Friday, July 23, 2010

A movie about adoption, sort of

Yesterday I saw "I'm glad my mother is alive" ("Je suis heureux que ma mère soit vivante") , a much-praised French film which centres on the aftermath of an adoption, and is apparently based on a real case. It starts with 12-year-old Thomas, on holiday with his family, askig his father if his mother - that is, his birth mother - was pretty. The story unfolds in a series of flashbacks: four-year-old Thomas's young and not very bright mother Julie, doing her not very good best, goes off to work of some unspecified kind at night, leaving him in charge of his toddler brother. They're found by the authorities and taken into care. Then adoption is suggested, and the mother agrees. But on her last visit, she can't bring herself to explain to them that they're getting new parents. Later we see Thomas with a story and photos headed "Ma Mere", but that's the only hint we get that there may have been some attempt to help him understand his past. At 12 he gets furious when his schoolmates tease him about the adoption and his mother, attacks his brother for telling them, and says awful things to his father about not being able to have kids. His parents don't seem to have the faintest clue about why he's acting like this; they just get mad and pack him off to boarding school. He runs away, manages to persuade a social worker to give him his mother's new married name and address, and turns up on her doorstep. Now married and pregnant, she doesn't recognise him. Devastated, he leaves, hating her. At 18 he's working as a mechanic and living with his adoptive mother and brother - his father has had a complete mental breakdown - and he decides to see Julie again. On her own now, with a little boy, she's willing to have him around, and he's useful with the boy. What follows is an extremely moving and convincing portrait of a confused young man who finds himself attracted to his mother (who is, after all, only 17 years older than him), wants to look after his little half-brother, and gets driven out of his mind by love-hate feelings he can't understand. One day he stabs her and thinks he's killed her. But as the title suggests, he hasn't, and there is a resolution of sorts at the end.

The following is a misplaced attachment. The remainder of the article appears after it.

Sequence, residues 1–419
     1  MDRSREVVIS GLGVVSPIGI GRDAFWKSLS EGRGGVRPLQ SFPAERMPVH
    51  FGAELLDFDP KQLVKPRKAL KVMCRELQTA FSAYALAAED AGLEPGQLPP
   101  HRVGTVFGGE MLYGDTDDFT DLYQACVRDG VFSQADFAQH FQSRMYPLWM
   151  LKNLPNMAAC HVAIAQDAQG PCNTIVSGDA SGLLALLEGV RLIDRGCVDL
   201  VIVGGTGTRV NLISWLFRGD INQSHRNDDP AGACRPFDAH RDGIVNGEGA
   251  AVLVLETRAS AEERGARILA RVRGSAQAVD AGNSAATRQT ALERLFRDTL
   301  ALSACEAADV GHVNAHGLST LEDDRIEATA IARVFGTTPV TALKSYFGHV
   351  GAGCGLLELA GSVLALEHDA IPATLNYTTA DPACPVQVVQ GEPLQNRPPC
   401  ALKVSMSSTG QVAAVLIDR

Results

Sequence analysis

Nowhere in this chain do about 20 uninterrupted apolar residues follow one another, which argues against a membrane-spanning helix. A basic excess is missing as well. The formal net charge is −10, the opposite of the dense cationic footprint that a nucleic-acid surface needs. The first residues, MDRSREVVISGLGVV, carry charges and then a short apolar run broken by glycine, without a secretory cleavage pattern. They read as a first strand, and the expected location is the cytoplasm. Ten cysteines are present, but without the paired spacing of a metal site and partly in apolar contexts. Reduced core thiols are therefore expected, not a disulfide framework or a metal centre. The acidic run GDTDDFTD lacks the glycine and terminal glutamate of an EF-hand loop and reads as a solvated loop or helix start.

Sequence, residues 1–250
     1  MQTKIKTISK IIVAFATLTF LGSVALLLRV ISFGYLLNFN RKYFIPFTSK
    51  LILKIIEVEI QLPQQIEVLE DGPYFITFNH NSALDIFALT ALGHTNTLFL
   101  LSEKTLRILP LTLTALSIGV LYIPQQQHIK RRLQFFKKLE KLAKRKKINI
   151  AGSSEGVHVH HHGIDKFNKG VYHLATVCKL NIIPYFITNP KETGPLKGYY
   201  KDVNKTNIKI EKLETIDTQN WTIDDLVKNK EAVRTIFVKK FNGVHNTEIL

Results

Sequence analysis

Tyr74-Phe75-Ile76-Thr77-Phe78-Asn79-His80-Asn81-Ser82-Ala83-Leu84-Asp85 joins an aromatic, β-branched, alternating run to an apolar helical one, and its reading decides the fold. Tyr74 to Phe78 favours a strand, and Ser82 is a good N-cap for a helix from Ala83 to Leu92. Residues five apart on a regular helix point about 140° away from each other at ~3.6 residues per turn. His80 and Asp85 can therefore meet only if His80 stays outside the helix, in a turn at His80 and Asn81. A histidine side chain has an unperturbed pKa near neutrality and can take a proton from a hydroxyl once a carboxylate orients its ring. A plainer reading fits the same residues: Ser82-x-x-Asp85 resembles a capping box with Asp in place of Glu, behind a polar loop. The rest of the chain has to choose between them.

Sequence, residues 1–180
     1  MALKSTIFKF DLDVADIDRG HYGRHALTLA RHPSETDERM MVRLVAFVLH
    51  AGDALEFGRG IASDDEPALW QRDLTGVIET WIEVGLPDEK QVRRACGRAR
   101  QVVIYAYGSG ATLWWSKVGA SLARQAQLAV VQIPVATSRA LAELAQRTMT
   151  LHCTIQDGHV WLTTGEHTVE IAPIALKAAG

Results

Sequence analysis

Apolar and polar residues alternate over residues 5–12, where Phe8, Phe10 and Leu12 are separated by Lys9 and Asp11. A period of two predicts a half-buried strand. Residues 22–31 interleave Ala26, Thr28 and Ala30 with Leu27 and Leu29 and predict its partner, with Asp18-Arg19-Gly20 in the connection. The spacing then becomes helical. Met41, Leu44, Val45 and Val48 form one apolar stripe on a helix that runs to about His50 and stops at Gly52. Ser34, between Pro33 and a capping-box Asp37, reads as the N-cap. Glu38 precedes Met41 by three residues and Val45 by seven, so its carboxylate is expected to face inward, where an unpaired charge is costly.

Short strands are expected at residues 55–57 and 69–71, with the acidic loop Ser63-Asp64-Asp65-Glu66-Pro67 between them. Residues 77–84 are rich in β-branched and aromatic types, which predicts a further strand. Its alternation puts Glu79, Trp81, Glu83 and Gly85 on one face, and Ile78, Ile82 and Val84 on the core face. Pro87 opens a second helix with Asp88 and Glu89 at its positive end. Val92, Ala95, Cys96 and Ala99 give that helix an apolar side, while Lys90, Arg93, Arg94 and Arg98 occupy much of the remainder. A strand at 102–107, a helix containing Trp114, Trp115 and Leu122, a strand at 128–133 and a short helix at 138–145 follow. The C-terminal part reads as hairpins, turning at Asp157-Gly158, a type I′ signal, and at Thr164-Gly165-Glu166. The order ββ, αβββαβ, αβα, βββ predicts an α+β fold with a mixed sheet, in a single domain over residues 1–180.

The adoptive parents seem to have had absolutely no warning or advice on what might happen and how to deal with it - hence their incomprehension, anger and ineptitude. Yes, I know it's a fictional story, but sadly, it's probably broadly accurate all the same. The older a child is when the adoption takes place - Thomas was five - the more likely it is that very serious issues will arise later. At least in this case the children shared their new parents' ethnicity, country and language.

Genetic sexual attraction between opposite-sex children and parents, or siblings, who meet each other again as sexually mature adults is a well-known phenomenon. Usually, as in the film, it's not acted on, but the feelings involved must be incredibly confusing and distressing.

What interests me here is the lack of understanding of these adoption issues shown by much of the publicity and responses. Thomas's reactions to his situation as he grows up seem to be viewed as really weird and extreme, and also as basically all Julie's fault for "abandoning" him.

In my view, the film handles all the complex currents involved with immense accuracy, skill and sensitivity, thanks to both the direction (Claude Miller and his son Nathan) and the stunning performances of both child and adult actors. The stabbing comes as a terrible shock, and was the only part I found hard to credit - but I assume it did happen in the real-life situation this is based on (I haven't been able to find out).

COMMENTS: Update: the deleted comments were Chinese spam. I'm now moderating all comments and this problem seems to have disappeared.

Thursday, July 15, 2010

Seeing and looking on a sunny afternoon

It's been an absolutely gorgeous day in Wellington. I had to go into town this afternoon and finished with time to spare, so I went down to the waterfront. The harbour was calm enough to reflect the few white fluffy clouds -an astonishing rarity for Wellingtonians. I walked round to the coffee shop at the bottom of the Herd St building where you can sit looking out at the sea and the boats - on a good day it's the best spot in town - and had a magnificent mochaccino, large, hot, strong and cheap.